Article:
The lovely, heartbreaking irony here comes from the fact that our hero, Cristiano, feels that he cannot communicate or express himself very well. Yet the filmmakers provide him voice and view so that he is able to give us everything we need to understand the love he feels, the loneliness he experiences and his constant need to not simply survive but to communicate.

I would think that there must be millions of workers in China and India -- hell, even some Trump acolytes here in the USA -- who could identify with and understand this movie.  There are no "labels" attached to any view here, and yet Dumans and Uchôa offer up enormous political commentary. By the time the film has come full circle, its impact has burgeoned into such collective power and momentum that, days after I've viewed it, I am still reliving and thinking about this movie.

From Grasshopper Film, in Portuguese with English subtitles, Araby opens this Friday in New York City at the Film Society of Lincoln Center, and then will hit another four cities on either coast, with -- one hopes -- even more cities to follow over the weeks to come. Click here and then scroll down to the bottom of the page and click on Where to Watch to view all currently scheduled playdates, cities and theaters. 

Tuesday, June 19, 2018

Ben Lewin's THE CATCHER WAS A SPY proves classy, old-fashioned, WWII espionage fun


Based on a real-life baseball player named Moe Berg (of whom TrustMovies had never heard but is very happy to have now made his acquaintance), THE CATCHER WAS A SPY proves a surprising and welcome throwback to the days of World War II and those exciting, old-fashioned, well-plotted espionage thrillers that we rarely see any longer.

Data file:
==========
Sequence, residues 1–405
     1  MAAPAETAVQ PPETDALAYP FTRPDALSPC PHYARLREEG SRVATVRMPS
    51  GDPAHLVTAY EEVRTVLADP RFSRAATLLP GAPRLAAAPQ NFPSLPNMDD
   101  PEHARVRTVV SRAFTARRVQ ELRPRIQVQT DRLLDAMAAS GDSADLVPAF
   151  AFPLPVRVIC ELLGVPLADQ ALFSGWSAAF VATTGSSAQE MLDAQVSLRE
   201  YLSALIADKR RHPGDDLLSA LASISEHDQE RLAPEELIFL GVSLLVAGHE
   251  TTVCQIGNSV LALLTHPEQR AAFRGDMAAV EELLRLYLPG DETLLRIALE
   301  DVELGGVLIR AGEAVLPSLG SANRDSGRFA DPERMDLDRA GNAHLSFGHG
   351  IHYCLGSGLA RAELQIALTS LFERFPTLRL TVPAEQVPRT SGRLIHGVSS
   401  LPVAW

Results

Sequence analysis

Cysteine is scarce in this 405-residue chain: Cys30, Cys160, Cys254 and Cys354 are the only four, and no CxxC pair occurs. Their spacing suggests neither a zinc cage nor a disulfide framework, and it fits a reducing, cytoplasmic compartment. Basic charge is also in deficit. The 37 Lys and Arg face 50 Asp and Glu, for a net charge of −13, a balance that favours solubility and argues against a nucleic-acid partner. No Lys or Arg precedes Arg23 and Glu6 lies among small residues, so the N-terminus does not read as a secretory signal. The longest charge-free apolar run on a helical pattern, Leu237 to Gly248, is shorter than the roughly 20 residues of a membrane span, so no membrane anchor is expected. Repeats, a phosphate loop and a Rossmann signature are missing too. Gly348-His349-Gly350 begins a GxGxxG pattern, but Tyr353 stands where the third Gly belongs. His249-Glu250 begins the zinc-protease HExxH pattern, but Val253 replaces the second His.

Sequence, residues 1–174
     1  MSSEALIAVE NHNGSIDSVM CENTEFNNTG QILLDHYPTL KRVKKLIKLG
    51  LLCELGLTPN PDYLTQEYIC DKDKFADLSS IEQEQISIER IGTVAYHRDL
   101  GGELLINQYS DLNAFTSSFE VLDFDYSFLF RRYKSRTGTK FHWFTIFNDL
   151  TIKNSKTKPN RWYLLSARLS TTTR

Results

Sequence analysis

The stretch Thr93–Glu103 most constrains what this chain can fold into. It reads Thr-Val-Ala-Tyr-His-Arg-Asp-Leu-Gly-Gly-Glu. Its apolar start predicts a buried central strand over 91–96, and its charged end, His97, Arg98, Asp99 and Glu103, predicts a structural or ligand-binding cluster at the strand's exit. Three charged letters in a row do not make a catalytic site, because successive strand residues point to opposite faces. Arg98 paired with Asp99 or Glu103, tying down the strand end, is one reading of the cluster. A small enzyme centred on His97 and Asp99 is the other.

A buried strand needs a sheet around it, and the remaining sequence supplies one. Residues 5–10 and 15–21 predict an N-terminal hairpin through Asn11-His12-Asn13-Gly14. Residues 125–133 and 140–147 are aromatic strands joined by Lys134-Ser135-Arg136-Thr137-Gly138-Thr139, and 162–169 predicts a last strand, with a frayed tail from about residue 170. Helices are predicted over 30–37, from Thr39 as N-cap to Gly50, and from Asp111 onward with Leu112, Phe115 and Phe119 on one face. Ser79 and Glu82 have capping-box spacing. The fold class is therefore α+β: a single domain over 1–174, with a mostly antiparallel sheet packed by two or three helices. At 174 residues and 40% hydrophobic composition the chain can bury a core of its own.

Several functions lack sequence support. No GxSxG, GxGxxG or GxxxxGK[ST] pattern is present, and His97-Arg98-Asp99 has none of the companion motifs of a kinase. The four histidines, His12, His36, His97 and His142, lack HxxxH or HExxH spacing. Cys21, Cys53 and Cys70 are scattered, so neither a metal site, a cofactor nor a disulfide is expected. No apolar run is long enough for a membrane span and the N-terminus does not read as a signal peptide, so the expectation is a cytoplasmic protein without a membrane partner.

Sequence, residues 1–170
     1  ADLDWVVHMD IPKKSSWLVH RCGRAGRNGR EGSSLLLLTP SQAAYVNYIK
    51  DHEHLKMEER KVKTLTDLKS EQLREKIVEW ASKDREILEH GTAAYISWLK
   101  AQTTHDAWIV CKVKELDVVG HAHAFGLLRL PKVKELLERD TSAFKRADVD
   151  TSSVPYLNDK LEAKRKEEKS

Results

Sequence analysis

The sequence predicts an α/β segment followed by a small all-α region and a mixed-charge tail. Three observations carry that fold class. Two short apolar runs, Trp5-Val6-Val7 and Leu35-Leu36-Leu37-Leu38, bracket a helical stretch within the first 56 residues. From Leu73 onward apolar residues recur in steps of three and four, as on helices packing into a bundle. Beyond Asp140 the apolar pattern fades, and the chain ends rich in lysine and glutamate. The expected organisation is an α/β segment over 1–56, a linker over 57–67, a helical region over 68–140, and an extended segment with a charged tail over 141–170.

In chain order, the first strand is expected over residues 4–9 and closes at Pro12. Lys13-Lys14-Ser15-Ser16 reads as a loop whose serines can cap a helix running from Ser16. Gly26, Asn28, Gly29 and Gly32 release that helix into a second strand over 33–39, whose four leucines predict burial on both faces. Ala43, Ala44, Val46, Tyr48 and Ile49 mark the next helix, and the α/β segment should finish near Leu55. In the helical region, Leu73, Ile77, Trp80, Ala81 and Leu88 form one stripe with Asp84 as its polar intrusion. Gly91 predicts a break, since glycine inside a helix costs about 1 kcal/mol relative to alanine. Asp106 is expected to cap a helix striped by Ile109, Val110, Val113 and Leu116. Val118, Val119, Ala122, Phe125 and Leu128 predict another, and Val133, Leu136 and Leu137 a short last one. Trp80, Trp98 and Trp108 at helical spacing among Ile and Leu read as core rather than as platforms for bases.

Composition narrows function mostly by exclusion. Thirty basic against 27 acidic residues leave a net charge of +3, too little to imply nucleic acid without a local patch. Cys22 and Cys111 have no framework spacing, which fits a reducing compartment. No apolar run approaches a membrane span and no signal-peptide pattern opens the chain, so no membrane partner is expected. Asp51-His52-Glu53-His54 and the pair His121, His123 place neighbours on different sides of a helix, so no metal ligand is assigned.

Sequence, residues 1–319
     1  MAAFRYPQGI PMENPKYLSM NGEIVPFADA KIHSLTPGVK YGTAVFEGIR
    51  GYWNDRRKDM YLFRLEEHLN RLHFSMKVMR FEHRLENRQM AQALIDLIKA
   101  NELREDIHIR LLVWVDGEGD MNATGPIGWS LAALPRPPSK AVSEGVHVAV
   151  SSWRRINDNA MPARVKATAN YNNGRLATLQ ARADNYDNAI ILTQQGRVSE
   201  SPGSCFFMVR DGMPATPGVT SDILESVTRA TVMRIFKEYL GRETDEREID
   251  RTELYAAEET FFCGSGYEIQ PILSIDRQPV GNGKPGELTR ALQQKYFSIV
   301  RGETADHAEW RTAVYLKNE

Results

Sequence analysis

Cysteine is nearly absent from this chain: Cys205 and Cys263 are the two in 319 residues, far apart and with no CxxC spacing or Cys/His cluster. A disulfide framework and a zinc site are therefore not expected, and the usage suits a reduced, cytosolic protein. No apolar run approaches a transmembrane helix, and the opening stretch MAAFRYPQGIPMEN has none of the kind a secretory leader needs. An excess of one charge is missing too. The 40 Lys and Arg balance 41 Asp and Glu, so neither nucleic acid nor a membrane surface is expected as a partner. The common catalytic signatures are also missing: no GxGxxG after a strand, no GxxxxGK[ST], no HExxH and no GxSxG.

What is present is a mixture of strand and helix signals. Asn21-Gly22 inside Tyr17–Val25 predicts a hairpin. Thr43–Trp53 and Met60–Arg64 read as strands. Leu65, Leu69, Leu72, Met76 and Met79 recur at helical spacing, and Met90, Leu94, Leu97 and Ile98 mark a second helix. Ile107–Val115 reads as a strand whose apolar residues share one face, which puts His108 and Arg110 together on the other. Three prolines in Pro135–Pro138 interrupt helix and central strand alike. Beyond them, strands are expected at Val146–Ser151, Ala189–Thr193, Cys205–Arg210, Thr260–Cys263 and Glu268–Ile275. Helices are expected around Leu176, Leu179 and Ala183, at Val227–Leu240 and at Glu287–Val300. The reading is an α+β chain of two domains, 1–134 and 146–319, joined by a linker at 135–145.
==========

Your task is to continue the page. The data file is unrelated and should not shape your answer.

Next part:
As directed by Ben Lewin and written by Robert Rodat (from the book by Nicholas Dawidoff), the movie proves a classy, intelligent, gorgeously-mounted treat.

With a spot-on production design by Oscar-winner Luciana Arrighi in which every scene appears real and right -- from the gorgeous period interiors to the bombed-out ruins in which some exciting and suspenseful combat takes place -- the look of this film seems just about perfect without ever calling undue attention to itself: every production designer's dream, I should think.

For his part, Mr. Lewin (shown at right, who a few years back gave us that wonderful movie The Sessions) also gets it all correct. He is able to direct with a firm, fine hand everything from an exciting action sequence to a philosophical discussion of murder and patriotism; from a hot 'n heavy hetero sex scene to a quiet but deeply felt suggestion of homosexual love; from a baseball game to a blunt-force beating.

While I suppose there is nothing "award-winning" here, still, what a pleasure it is to see first-class craftsmanship in writing, directing, acting, editing, cinematography and production design come together so very well. In the starring role of Moe Berg, we have that fine actor Paul Rudd (shown above and below), at last given a role that allows him to shine in ways we've seldom seen. Rudd makes a particularly believable-looking 1930s-40s character, with a face and body that's near-perfectly "period."

From what we see and learn here, Moe Berg was a very private man: a non-religious Jew who didn't even feel particularly "Jewish," evidently bi-sexual (in a time when this was anything but accepted), and a fellow who felt at home almost nowhere except in a library or on the baseball field. Mr. Rudd brings all of this to exceedingly quiet-but-felt life. He is on screen in (I think) literally every scene, which forces the rest of the excellent ensemble cast to take a decided back seat in the proceedings.